I had dinner recently at Last Days of Autumn to sample some of the fare we might expect as they (Michael along with chef Eric New) offered a Cajun menu as a teaser for what might be available in the restaurant. I enjoyed barbeque shrimp (good) and a crab cake sandwich (awesome). The menu (pictured here) also included garbanzo hot cakes, both sausage and cochon de lait (suckling pig) po’ boys, chicken and sausage gumbo, and mushroom and kale etouffee (vegetarian). He said to expect a changing menu, with seafood and other specials. “Right now we are testing what people like . . . I’ve always liked to play with recipes.”
Aaron also, though born and raised in east Tennessee, has a strong connection to the cuisine. “My mom and my dad and as far back as anyone knows from either side is from New Orleans to Pensacola . . . Even though I’m not from there, I spent so much time down there, and all the family stories are from down there. I’ve eaten that cuisine a ton and I’m really excited to pair with that. My grandfather on my mom’s side was a firefighter and he was the cook for the firehouse . . . he did gumbo, jambalaya, etouffee, shrimp boils. That’s how I grew up eating every time we went to see my folks.”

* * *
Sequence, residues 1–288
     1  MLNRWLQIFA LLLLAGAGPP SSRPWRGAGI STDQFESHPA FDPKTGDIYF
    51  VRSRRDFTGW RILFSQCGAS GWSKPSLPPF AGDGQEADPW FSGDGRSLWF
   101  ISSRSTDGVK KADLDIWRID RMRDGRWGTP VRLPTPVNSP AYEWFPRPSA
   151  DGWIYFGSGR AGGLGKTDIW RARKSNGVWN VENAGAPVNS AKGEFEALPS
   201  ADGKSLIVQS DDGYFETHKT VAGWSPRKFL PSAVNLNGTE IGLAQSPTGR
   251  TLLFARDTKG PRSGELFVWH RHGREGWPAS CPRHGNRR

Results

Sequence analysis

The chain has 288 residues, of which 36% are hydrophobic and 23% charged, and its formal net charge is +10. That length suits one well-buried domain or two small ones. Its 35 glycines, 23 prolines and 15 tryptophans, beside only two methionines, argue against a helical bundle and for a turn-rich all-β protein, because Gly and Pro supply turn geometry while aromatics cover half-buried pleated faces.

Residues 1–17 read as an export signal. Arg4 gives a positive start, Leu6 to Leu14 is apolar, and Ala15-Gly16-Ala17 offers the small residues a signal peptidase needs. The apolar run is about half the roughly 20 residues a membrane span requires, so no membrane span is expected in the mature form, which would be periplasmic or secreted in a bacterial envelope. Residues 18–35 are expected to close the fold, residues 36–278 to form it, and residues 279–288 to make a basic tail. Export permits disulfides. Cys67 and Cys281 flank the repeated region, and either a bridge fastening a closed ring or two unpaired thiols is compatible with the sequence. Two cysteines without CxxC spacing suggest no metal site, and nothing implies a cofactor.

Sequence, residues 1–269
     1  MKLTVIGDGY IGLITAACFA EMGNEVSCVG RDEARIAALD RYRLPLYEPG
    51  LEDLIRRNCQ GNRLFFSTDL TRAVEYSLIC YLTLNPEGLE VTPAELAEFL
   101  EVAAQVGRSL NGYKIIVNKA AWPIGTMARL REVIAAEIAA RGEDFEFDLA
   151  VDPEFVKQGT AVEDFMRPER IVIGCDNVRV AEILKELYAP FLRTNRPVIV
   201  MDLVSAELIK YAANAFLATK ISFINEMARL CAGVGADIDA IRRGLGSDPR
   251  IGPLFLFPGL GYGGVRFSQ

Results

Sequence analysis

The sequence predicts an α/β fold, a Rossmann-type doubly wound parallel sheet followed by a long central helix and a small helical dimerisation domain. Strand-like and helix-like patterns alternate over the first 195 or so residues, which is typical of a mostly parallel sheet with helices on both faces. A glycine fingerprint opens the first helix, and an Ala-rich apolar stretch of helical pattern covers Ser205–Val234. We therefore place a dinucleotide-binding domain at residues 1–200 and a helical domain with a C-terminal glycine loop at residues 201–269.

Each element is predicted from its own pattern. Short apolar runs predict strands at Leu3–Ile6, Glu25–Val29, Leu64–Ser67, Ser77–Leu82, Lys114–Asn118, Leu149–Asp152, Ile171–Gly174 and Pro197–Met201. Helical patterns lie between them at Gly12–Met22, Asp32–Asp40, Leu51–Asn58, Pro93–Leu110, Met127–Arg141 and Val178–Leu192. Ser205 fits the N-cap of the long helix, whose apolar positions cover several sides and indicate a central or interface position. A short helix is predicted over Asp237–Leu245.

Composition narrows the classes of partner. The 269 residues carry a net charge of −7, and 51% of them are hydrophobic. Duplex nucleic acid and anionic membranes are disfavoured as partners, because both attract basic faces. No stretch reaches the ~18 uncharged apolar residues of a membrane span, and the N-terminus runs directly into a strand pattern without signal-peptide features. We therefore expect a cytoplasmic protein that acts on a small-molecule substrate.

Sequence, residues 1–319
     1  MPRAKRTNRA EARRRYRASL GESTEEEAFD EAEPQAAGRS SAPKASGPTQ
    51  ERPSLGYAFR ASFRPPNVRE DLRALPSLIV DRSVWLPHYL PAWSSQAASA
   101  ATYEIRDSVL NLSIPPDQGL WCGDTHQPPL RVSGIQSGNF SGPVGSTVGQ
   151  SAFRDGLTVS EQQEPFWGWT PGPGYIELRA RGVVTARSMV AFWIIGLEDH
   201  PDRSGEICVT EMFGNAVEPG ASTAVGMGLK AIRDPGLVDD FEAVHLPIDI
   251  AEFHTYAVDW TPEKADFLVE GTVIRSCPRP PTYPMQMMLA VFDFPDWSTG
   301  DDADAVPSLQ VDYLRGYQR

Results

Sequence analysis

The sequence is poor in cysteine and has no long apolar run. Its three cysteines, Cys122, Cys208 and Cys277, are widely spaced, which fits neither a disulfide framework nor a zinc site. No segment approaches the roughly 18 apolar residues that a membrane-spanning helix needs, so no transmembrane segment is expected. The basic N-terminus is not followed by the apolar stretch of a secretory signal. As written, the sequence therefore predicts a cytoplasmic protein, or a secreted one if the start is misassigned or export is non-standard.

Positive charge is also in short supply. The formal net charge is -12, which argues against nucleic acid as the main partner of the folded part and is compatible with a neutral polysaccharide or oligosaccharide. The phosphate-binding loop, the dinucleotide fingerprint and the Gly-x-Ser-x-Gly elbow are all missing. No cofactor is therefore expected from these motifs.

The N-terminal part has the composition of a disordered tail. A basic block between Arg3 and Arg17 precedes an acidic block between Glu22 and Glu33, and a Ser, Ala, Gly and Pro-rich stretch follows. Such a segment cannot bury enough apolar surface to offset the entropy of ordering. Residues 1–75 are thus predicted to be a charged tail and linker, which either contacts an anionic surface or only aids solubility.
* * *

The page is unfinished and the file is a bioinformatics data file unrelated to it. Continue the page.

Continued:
While the two spaces won’t be connected, the St. Lucille’s menu will be available in Crafty and items will be delivered to your table. A less extensive beer selection will be available in St. Lucille’s, but it will include the Crafty Bastard Marquis De Pils, which will be exclusive to the restaurant. “It’s made with French ingredients and pairs well with French cuisine . . . I’m good at making beer, Mike is good at this.”
The name carries a couple of references. Michael has a friend whose grandmother is from Louisiana . . . her name is Lucille and her grandmother name is “Saint.” She’s 94 years old and still making them gumbo for Christmas and they call her “Saint Lucille.” Aaron said, “We were looking at different names and he called me one day and said ‘Saint Lucille’s’ and I said ‘that’s it.'” He also pointed out the resonance with the location of iconic Old City bar, Lucille’s which operated in the 1990s, just a few blocks to the south.
In addition to beer, the restaurant will offer wine and liquor. The west location of Crafty produces and sells their own wine and that hasn’t been possible at the downtown location because they haven’t had a food menu. As that changes with the opening of St. Lucille’s, you’ll be able to buy their wine there, as well.
I asked about the timeline and the two of them laughed. They have a good construction crew and the city has, by their accounts, been easy to work with so far. Still, things can go awry, so they are cautious. It sounds like the first quarter of the year is likely. In the meantime, you’ll want to follow them on Instagram and Facebook so you can get the news as it develops. I’ll meet you in the spring over a pot of gumbo!